# Higher Order Transformations

... Continuing from the initial example session in R ...

An affine transformation is based on a linear mapping between two coordinate-spaces. Testing for non-linearity (i.e. higher order model terms) can be a useful diagnostic in choosing the simpler affine transform.

Compute the difference between the good and bad coordinates

```## compute vector difference and save back to original data frame:
c\$sqdiff <- with(c, sqrt((nx-x)^2 + (ny-y)^2))```

Generate two linear models:

```## generate simple model
l.simple <- lm(sqdiff ~ nx + ny, data=c)
## model with higher order terms (up to 3rd-order):
## note to self: poly() computes orthagonal polynomials
l.poly <- lm(sqdiff ~ poly(nx, 3) + poly(ny, 3), data=c)

## summarize the complex model:
summary(l.poly)```
```Coefficients:
Estimate Std. Error t value Pr(>|t|)
(Intercept)    302.38       3.97  76.174  < 2e-16 ***

poly(nx, 3)1  1091.17      35.82  30.466  < 2e-16 ***
poly(nx, 3)2   165.59      32.78   5.051 1.71e-05 ***
poly(nx, 3)3   -51.21      28.74  -1.782   0.0843 .

poly(ny, 3)1   417.35      31.97  13.056 2.30e-14 ***
poly(ny, 3)2   -18.50      30.04  -0.616   0.5425
poly(ny, 3)3    19.41      35.49   0.547   0.5882

---
Signif. codes:  0 ‘***’ 0.001 ‘**’ 0.01 ‘*’ 0.05 ‘.’ 0.1 ‘ ’ 1 ```

Is one model significantly better than the other?

```## check via RMSE:
## simple model
sqrt( mean((fitted(l.simple) - c\$sqdiff)^2) )
36.54747

&nbsp;
## model with 3rd-order polynomial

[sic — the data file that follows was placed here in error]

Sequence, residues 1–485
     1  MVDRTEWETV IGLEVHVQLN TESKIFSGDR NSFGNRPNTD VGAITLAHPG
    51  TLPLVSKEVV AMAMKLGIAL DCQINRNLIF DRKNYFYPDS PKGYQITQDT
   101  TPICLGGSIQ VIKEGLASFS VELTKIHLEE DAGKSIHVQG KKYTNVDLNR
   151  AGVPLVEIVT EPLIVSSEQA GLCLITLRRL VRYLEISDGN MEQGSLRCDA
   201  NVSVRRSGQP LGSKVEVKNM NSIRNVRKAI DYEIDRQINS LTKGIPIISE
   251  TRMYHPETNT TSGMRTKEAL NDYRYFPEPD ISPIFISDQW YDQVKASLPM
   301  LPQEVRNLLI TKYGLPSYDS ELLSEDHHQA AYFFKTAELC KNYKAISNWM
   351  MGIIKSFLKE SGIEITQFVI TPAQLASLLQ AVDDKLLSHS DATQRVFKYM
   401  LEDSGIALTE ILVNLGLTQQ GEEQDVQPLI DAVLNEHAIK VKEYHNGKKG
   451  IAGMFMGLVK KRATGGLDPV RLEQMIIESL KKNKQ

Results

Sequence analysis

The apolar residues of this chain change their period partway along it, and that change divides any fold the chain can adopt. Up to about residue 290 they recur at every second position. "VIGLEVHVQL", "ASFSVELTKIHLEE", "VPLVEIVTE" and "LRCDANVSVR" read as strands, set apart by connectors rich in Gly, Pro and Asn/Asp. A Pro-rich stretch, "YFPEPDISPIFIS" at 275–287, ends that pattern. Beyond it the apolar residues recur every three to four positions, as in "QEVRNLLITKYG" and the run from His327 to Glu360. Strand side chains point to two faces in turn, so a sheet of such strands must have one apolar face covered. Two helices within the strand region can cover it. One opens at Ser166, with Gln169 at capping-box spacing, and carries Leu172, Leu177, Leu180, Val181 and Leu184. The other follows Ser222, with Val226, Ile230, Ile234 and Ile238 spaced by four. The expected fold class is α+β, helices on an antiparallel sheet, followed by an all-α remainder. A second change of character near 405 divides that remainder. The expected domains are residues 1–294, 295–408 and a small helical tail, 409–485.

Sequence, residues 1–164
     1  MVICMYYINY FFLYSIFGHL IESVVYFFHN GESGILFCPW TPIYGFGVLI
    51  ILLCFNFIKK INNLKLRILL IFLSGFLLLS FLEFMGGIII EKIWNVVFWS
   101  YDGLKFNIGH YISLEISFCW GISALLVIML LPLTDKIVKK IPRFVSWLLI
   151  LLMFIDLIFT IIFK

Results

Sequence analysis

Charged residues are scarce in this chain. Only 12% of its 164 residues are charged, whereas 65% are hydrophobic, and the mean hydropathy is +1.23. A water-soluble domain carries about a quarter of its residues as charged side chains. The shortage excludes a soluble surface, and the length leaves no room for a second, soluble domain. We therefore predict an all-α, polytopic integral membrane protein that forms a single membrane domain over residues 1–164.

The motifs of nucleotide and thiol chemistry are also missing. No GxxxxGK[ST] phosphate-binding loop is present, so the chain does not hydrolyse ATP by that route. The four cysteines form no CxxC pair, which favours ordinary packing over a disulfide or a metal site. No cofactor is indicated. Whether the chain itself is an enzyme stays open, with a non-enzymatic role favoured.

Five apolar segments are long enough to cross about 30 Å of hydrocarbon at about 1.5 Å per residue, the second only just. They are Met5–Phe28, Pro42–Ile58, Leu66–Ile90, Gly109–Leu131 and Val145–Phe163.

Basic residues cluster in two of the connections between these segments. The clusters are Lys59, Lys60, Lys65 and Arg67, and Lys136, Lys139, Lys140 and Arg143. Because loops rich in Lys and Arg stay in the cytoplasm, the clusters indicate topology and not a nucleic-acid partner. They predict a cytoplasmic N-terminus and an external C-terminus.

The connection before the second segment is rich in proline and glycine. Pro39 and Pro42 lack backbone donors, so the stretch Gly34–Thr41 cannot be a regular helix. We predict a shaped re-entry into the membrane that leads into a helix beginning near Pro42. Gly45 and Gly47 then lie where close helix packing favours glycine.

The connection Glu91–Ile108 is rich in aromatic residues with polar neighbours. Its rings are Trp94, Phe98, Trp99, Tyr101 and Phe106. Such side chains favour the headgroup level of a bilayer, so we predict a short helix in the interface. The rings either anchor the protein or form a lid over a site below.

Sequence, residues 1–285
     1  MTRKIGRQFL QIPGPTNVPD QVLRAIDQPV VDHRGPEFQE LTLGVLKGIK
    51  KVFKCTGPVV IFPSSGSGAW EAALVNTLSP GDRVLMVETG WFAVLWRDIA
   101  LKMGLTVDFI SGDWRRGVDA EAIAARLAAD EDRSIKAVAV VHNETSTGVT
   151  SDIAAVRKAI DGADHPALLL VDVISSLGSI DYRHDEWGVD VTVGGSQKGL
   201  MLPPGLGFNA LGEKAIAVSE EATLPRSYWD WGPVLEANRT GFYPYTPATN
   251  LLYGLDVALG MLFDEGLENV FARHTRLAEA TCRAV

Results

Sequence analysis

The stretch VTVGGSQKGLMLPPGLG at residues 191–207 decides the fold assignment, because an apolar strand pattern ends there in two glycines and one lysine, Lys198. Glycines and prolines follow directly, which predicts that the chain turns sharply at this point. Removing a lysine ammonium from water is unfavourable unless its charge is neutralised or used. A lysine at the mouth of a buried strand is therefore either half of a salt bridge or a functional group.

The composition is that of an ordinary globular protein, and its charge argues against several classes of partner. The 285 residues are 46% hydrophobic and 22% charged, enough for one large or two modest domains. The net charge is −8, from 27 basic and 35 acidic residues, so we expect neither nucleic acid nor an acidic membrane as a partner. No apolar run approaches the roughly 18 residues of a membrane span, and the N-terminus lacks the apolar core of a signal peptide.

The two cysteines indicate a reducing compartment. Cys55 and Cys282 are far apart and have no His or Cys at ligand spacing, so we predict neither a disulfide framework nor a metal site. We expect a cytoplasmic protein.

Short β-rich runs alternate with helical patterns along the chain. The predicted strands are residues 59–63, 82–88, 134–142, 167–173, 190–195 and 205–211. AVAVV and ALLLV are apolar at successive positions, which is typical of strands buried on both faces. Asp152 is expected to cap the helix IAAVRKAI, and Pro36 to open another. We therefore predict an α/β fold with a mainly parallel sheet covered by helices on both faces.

sqrt( mean((fitted(l.poly) - c\$sqdiff)^2) )
22.45530

&nbsp;
## the anova function can compare nested models:
anova(l.simple, l.poly)```
```Analysis of Variance Table

Model 1: sqdiff ~ nx + ny
Model 2: sqdiff ~ poly(nx, 3) + poly(ny, 3)
Res.Df   RSS Df Sum of Sq      F    Pr(>F)
1     36 52093
2     32 19665  4     32428 13.192 1.865e-06 ***
---
Signif. codes:  0 ‘***’ 0.001 ‘**’ 0.01 ‘*’ 0.05 ‘.’ 0.1 ‘ ’ 1```

Check visually:

```## re-make grid of points to predict on:
## and save two versions to 'stack-up'
x <- seq(-2080000, -2040000, by=1000)
y <- seq(-20000, 5000, by=2000)
d.simple <- expand.grid(x=x, y=y)
d.poly <- expand.grid(x=x, y=y)

&nbsp;
## and predict the trend in differences:
d.simple\$diff <- predict(l.simple, data.frame(nx=d\$x, ny=d\$y))
d.poly\$diff <- predict(l.poly, data.frame(nx=d\$x, ny=d\$y))

&nbsp;
## stack for grouped plotting
library(lattice)
library(RColorBrewer)
d.combined <- make.groups(simple=d.simple, poly=d.poly)

&nbsp;
## plot:
wireframe(diff ~ x * y | which, data=d.combined, scales=list(arrows=TRUE), drape=TRUE, col.regions=brewer.pal(n=9, name='Oranges'), cuts=8, col='white')``` Testing for linearity: Two visualizations of the deviance between coordinates positions, at the control point locations.

Conclusions:
It seems that a second order term was only warranted along the x-direction. The more complex model based on 3rd-order polynomials results in a significantly lower RMSE (about 10 meters lower), and is shown to be a better descriptor of variance in the test of nested models.

At the map scale in which the corrected data will be presented, the extra accuracy suggested by the more complex model (coordinate transformation function) is negligible. This allows for the simpler model, which can be directly used by the convenient ST_Affine() function in PostGIS for the heavy-lifting.